[That an officer, a director, or a managing agent of [name of defendant] authorized the employee['s][s'] conduct;] [or]
[That an officer, a director, or a managing agent of [name of defendant] knew of the employee[s]' wrongful conduct and adopted or approved the conduct after it occurred.]
An employee is a "managing agent" if he or she exercises substantial independent authority and judgment in his or her corporate decision making such that his or her decisions ultimately determine corporate policy.
Directions for Use
This instruction is intended for plaintiffs who are seeking survival damages for pain and suffering and/or attorney fees and costs. Plaintiffs who are not seeking such damages should use CACI No. 3109, Abduction—Essential Factual Elements (Welf. & Inst. Code, § 15610.06). The instructions in this series are not intended to cover every circumstance in which a plaintiff can bring a cause of action under the Elder Abuse and Dependent Adult Civil Protection Act.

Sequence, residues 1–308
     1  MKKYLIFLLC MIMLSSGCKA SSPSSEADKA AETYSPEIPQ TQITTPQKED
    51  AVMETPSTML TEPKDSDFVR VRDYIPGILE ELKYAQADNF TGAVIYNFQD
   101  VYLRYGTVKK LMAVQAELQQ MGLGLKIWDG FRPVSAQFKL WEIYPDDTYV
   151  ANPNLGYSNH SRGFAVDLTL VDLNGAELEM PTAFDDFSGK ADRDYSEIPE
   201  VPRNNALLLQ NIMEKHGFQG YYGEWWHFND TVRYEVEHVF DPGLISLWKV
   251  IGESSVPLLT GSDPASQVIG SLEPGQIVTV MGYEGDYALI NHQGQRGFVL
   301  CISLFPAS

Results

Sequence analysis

If the plaintiff is seeking damages against the employer and the employee, use CACI No. 3110, Abduction—Essential Factual Elements—Enhanced Remedies Sought—Individual or Individual and Employer Defendants (Welf. & Inst. Code, §§ 15657, 15610.06).
Sources and Authority
Welfare and Institutions Code section 15657.05 provides:
Where it is proven by clear and convincing evidence that an individual is liable for abduction, as defined in Section 15610.06, in addition to all other remedies otherwise provided by law: